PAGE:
A mnemonic: Reuben, the sons of Eli, the sons of Samuel, David, Solomon, and Josiah.
This statement, found at the bottom of yesterday’s page, is the organizing principle of today’s material. These biblical characters, some of them among the greatest heroes of the Tanakh, were all guilty of egregious sins: adultery, idolatry, murder. And yet, on today’s page, Rabbi Shmuel bar Nahmani marshals “proof” from the biblical text that each of them was not guilty of the sins the Bible records.
For example, let’s look at the case of David, who coveted a beautiful woman named Bathsheba who was, most unfortunately, married to David’s loyal soldier Uriah. But with Uriah conveniently away at war, David takes Bathsheba to bed and impregnates her, then invites her husband Uriah home in the hopes that he will sleep with her and give the illusion that the child was in fact his. When this plan fails — Uriah is far too noble to indulge in the pleasures of his marital bed while his fellows are away in combat — David sends Uriah to the front lines of battle to ensure that he is killed. With Uriah permanently out of the picture, David marries Bathsheba and claims the child. Hard to spin that as the behavior of a righteous person. And yet:
Rabbi Shmuel bar Nahmani said that Rabbi Yonatan said: Anyone who says that David sinned with Bathsheba is nothing other than mistaken, as it is stated: And David succeeded in all his ways; and the Lord was with him (I Samuel 18:14)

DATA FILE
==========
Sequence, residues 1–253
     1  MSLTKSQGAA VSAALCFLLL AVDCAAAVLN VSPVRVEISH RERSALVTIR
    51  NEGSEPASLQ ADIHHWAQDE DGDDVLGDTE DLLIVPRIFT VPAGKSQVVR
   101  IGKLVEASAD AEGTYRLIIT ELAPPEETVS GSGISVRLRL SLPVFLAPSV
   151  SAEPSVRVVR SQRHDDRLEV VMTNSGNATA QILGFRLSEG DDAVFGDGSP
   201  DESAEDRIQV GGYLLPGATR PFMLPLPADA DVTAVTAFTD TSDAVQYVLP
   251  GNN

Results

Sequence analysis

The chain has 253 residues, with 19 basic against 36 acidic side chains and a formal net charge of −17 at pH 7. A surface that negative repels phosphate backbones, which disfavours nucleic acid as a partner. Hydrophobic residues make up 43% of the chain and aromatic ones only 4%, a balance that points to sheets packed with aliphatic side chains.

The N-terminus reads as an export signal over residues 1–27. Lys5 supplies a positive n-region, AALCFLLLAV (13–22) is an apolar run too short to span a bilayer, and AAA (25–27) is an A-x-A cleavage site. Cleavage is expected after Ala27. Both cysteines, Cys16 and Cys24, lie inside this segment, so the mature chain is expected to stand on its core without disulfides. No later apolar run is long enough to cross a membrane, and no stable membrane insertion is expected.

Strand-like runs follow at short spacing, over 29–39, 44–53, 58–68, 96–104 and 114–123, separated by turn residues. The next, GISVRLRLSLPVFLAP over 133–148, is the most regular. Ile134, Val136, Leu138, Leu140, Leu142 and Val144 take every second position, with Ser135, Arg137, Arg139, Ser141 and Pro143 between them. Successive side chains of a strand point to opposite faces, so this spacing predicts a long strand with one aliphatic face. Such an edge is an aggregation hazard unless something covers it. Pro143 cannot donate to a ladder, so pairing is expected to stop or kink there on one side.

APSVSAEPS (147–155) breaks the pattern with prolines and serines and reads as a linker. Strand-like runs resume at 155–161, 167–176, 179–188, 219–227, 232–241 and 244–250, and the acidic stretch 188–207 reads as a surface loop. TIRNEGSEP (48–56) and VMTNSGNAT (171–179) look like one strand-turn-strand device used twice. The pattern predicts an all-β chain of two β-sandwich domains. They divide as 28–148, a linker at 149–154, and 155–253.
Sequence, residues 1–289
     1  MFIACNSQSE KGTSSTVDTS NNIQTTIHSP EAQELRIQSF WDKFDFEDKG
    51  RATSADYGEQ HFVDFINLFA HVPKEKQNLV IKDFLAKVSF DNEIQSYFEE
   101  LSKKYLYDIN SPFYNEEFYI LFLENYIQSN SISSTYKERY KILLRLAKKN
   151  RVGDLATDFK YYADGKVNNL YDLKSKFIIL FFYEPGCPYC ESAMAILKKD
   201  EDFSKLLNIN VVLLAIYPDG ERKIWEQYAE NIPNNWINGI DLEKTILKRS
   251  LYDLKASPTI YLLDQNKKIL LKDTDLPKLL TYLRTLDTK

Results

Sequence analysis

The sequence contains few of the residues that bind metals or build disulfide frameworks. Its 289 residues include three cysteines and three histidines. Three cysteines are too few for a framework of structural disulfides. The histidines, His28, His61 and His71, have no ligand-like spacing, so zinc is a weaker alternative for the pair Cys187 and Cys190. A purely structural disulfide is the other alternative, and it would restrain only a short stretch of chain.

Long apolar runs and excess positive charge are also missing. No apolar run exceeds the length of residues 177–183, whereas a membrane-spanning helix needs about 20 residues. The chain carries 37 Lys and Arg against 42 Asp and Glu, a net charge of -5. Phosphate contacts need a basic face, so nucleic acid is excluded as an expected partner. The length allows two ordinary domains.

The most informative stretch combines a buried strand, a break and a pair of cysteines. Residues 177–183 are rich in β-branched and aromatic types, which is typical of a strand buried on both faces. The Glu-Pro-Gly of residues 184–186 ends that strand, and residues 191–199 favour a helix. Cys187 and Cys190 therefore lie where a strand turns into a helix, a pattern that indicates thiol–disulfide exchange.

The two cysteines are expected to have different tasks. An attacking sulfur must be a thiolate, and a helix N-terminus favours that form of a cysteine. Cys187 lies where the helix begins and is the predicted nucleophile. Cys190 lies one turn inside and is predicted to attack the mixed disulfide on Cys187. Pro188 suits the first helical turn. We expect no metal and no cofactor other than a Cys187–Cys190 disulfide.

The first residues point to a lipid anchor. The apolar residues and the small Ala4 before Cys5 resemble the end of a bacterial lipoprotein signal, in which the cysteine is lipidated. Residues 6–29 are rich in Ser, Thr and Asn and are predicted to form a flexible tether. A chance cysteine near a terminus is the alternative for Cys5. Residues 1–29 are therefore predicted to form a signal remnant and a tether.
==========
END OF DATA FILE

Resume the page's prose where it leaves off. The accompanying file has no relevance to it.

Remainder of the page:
What follows is a convoluted argument that relies on a great deal of fancy exegetical maneuvering to exonerate David from the double crimes of adultery and murder. For instance, in the Bible, the prophet Nathan angrily confronts David with his many sins against Uriah, and his tirade includes the following accusation: And you have taken Uriah’s wife as your wife. (2 Samuel 12:10)
The plain meaning of this verse is that David has committed adultery with Uriah’s wife. But the Talmud gives it a hyper-literal reading, arguing that David never committed adultery, but in fact made Bathsheba his legitimate wife before sleeping with her. Rabbi Shmuel bar Nahmani explains that in biblical times, men who went to war would give their wives conditional divorces, which would allow them to remarry should their husbands fail to return from the front lines (but were not confirmed dead). Since Uriah did in fact die in battle, the conditional divorce was applied retroactively to the entire time he was away from home, and therefore Bathsheba was technically divorced at the time that David slept with her. And therefore, David was not guilty of adultery.
The reading makes no sense with the rest of the biblical text — which is clearly a wrenching exploration of David’s sin. So why does Rabbi Shmuel bar Nahmani do it? To exonerate an ancestral hero? As an intellectual exercise in creative textual reading? The Talmud doesn’t say.